8:07 a.m. I made it to work. I always seem to pick the rainiest days to ride to work. A Nun's Life Ministry HQ is not far from the convent -- I can weave in and out of neighborhoods and navigate only a couple busy roads. As I did this morning, I grumble a lot as I get myself and my bike ready for the morning commute. I'm not quite awake yet -- will I be ready for the ride? Wouldn't it be easier to slip into the car and drive? After all I have a backpack full of stuff and I wouldn't have to worry about cars driving along side me, bugs veering into me, tired muscles, and ... as usual, rain.
I don't know what it is that finally makes me get out the door and get on the bike. It's like the split second of "Am I going to do this or not?" It's a veritable Deuteronomic moment. Choose life or choose death.
I call heaven and earth to witness against you today: I set before you life or death, blessing or curse. Choose life, then, so that you and your descendants may live, 20 by loving God, your God, by obeying God’s voice and by clinging to God. For that will mean life for you, a long life in the land which God swore to give to your descendants Sarah and Abraham, Rebecca and Isaac, and Leah and Rachel and Jacob. (Deuteronomy 31:19-20)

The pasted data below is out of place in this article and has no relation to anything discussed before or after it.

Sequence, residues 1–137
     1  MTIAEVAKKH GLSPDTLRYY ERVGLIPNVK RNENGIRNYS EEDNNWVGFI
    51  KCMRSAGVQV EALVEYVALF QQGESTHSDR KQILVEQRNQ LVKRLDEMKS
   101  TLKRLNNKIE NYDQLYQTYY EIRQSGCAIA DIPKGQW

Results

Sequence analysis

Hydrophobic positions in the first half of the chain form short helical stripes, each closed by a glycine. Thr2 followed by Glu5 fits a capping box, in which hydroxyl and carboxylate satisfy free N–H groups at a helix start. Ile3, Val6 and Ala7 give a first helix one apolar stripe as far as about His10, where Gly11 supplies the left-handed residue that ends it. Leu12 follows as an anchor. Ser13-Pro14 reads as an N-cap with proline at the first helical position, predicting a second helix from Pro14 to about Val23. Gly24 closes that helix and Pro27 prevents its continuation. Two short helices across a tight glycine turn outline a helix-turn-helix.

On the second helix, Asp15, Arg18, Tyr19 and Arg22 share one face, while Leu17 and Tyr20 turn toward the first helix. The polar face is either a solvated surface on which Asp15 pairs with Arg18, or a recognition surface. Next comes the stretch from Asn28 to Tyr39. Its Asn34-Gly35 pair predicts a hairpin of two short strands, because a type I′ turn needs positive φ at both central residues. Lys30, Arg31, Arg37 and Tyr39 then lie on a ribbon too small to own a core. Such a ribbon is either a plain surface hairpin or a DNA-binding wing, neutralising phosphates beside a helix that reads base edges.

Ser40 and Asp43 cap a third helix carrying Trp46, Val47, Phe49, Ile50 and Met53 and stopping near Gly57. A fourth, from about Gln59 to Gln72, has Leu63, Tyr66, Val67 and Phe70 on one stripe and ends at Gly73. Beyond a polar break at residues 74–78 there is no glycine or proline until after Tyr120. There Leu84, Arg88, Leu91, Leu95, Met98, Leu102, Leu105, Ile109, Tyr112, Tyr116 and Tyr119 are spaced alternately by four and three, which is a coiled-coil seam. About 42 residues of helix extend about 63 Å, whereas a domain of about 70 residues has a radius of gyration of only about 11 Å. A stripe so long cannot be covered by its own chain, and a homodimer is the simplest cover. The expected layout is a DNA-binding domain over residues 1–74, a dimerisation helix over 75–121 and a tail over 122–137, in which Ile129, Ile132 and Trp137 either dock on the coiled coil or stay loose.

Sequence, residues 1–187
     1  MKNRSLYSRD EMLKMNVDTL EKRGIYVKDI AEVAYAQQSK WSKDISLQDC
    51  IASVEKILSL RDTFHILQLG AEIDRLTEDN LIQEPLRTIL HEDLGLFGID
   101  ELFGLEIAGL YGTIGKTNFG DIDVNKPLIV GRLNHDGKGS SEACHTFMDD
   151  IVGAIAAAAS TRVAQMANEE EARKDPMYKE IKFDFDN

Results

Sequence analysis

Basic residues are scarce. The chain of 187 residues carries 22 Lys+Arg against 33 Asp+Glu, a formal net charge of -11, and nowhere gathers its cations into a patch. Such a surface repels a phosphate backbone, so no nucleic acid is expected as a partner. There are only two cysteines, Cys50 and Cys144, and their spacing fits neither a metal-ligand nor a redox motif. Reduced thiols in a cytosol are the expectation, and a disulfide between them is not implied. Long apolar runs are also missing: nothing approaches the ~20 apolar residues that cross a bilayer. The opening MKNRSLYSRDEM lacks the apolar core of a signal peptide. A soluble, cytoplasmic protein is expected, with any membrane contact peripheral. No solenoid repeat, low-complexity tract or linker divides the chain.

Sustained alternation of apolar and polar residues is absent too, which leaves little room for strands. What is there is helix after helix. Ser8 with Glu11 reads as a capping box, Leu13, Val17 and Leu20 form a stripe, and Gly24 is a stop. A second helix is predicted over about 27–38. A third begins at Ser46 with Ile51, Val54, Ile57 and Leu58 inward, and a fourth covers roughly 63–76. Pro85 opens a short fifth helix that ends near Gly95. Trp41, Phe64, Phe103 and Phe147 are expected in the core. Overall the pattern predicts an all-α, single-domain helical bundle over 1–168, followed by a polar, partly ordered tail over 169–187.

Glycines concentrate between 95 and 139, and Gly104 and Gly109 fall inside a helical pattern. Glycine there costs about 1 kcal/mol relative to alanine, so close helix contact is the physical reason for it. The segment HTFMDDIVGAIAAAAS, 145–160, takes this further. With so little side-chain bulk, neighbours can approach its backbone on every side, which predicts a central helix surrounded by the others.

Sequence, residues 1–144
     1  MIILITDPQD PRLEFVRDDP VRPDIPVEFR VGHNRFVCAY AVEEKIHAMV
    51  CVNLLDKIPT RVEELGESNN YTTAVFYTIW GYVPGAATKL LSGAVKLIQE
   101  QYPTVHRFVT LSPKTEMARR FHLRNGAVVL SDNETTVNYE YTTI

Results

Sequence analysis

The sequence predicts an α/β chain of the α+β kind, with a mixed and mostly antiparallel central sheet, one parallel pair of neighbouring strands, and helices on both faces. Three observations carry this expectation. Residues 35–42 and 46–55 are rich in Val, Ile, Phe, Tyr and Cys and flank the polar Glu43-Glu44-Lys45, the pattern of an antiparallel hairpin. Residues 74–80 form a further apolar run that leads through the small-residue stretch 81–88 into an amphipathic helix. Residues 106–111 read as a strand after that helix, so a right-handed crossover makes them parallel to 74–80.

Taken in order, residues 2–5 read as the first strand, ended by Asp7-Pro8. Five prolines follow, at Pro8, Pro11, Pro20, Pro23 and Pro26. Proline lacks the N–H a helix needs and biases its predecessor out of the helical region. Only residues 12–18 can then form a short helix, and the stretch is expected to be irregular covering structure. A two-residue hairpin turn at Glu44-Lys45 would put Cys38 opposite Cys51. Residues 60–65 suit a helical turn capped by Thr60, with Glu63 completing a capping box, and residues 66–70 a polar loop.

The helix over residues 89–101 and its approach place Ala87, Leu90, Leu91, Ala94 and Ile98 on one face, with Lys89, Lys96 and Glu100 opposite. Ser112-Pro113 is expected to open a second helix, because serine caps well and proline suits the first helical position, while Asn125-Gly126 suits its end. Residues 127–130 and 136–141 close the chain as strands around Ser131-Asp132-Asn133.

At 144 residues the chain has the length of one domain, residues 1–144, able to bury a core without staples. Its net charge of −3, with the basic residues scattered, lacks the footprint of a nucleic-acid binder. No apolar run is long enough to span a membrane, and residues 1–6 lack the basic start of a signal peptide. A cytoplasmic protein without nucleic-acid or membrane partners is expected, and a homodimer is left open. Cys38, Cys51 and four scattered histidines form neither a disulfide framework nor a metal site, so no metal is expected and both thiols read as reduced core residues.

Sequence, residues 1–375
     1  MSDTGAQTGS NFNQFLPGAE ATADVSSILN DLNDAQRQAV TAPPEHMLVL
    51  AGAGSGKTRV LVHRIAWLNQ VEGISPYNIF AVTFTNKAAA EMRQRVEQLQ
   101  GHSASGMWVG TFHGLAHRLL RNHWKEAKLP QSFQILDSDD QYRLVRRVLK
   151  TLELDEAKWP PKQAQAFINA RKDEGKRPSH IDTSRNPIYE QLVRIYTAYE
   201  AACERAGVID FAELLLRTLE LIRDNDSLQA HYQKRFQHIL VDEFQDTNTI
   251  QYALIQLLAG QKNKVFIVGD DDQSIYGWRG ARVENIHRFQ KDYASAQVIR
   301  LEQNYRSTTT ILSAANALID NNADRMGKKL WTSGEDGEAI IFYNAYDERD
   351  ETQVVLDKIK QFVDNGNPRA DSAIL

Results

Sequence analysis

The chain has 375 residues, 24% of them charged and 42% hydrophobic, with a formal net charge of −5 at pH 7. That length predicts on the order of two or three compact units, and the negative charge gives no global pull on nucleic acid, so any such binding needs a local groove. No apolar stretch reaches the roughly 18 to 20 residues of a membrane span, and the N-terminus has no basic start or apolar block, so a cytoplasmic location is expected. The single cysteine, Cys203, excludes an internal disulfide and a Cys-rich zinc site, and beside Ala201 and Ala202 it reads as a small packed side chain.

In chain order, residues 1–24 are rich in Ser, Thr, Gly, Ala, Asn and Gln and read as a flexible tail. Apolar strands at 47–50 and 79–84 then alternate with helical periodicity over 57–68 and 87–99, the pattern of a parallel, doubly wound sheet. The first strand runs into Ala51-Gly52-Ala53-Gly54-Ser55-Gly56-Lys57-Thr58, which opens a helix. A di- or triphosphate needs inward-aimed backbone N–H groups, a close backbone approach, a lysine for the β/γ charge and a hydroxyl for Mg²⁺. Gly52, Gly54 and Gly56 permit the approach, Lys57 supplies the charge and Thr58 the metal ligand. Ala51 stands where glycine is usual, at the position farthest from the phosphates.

Okay well maybe not exactly life or death, BUT it is a small moment in time, a split second it seems where I am asked to consider what will be life-giving for me, for the mission I am about, for others? Can I in this one, seemingly insignificant moment, make a choice to choose life?
For each of us, that "small moment" can come at any time -- taking time to appreciate the beauty of the trees or other drivers while running errands, a choice to not react poorly to a friend's bad mood, the gift of a few minutes of our time in the midst of a busy day to give to someone in need. Maybe it's even the choice to dig out your favorite T-shirt and put it on because it holds good memories for you! It need not be angels-blaring-trumpets-esque, but that's the beauty -- God and the choice for life can be in any moment.
In this ordinary day, in this small moment, how do you choose life?